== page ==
“Then he began to teach them that the Son of Man must undergo great suffering.” (Mark 8:31)

 

Did you ever have a truly inspiring teacher? In your schooldays, was there someone who really made a subject come alive? A teacher who embodied the excitement and appeal of a subject so that you could feel it, too?There’s a very cruel saying that those who can, do, and those who can’t, teach. The best teachers, of course, both do and teach. The science teacher whose practical experiments are inspirational and fun. The swimming tutor who jumps in the water and shows you how to do the stroke. The football coach who is on the pitch with you, not standing on the touchline. The drama teacher who gets the best out of every student by taking each role in turn.The same applies to those with no formal title as teacher, but who still teach us about life, and about faith – in the practical example of their own faithful lives.God the teacher knows the value of the practical example. The Creator didn’t stand at the front of a music class, dictating how many sharps and flats should be in each scale. God dressed a song in feathers and lovingly released it into the sky.

 

In Jesus, God gave us the supreme example of divine love for human beings, by becoming human. By getting in the water, joining in the game, showing us exactly how the part should be played. Both teacher and example, the embodiment of the lesson, making it come alive.Some lessons are easier to learn than others. Peter accepted that Jesus was the Messiah. What he found more difficult to understand was the kind of Messiah Jesus was. In fact, all of the pupils around Jesus (that is, after all, what “disciples” means!) found it very hard to absorb their teacher’s difficult lessons. About suffering and redemption. About humility and forgiveness. About the nature of God, and of the Messiah.Jesus knew that he would have to show, rather than tell. He would have to do, not just say.Mark’s Gospel is very much about Jesus doing. There are no long teaching passages, no direct parallels to Matthew’s Sermon on the Mount or Luke’s Sermon on the Plain. But Mark’s Jesus does employ one obvious technique of a teacher – repetition. Three times in three chapters, beginning with Mark chapter 8, Jesus speaks about his coming death… to hammer the point home, like nails through stubborn flesh.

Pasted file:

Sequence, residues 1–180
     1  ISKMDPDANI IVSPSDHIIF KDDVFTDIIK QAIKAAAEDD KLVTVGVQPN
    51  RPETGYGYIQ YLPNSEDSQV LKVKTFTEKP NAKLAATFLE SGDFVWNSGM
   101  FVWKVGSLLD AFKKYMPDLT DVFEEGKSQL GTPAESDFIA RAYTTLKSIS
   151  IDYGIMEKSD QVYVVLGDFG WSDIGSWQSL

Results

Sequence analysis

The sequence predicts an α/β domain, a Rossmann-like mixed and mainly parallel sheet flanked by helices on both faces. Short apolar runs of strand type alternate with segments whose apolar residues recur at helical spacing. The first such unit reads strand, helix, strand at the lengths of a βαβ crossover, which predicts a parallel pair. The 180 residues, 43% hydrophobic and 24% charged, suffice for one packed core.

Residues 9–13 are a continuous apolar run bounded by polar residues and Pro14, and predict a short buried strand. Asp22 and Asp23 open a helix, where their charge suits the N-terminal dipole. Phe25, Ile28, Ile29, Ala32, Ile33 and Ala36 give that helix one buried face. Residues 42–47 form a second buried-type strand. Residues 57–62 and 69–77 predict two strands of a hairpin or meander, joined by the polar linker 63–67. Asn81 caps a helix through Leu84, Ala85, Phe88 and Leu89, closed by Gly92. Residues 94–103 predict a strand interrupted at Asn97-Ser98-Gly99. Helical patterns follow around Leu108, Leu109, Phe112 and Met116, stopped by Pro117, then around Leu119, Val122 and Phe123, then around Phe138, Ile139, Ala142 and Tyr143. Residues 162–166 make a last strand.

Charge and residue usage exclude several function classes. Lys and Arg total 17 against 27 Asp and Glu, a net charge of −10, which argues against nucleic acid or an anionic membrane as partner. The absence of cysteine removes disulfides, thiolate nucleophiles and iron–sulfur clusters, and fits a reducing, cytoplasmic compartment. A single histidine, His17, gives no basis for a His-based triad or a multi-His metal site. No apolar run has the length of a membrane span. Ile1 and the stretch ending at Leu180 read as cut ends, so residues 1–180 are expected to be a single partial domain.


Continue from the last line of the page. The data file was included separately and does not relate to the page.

On the 14th September the Church celebrates Holy Cross Day, and the cross is the focus of Mark’s Gospel, more so even than the others. The cross, the ultimate example, the teaching aid beyond comparison.Jesus didn’t just say, “Love God with all your heart.” He showed his own love for his heavenly Father by accepting his destiny on the cross.Jesus didn’t just say, “Love your neighbours.” He laid down his life for them.Jesus didn’t just say, “Love your enemies.” On the cross he forgave them and prayed for them.Jesus lived and died the lesson of love, to open a new and living way into God’s presence. And he asks us to take up our own cross, to follow him, to be prepared to make sacrifices in the name of the one who made the greatest sacrifice of all.

 

Jesus is still teaching today, teaching us… and teaching through us. Not many of us have the formal title of teacher, whether in classroom or church. But we all have a teaching ministry, and we are all on teaching practice. It’s called practising what you preach. Living out, in the week and the world, what we say in church on Sunday. Following the supreme example of a teacher who put his words into action.But because we’re all human, all fallible, we won’t always get it right. And it won’t always be easy. It wasn’t easy going to the cross, as the anguish in Gethsemane revealed. For us, too, there are often difficult decisions, painful choices to make between what we want to do and what we know we ought to do… if we’re to witness faithfully to Jesus and take up our cross. “Those that can, do. Those that can’t, teach.” Not only is the saying unkind – it’s also inaccurate. Because those who can’t do, can’t teach. Not successfully anyway. The most effective teachers are those who also do. To use a modern idiom, if we’re to bring the good news of Jesus to others, it’s no good talking the talk if we don’t also walk the walk!

 

Rev’d Stuart Ansell

An Inspiring Teacher

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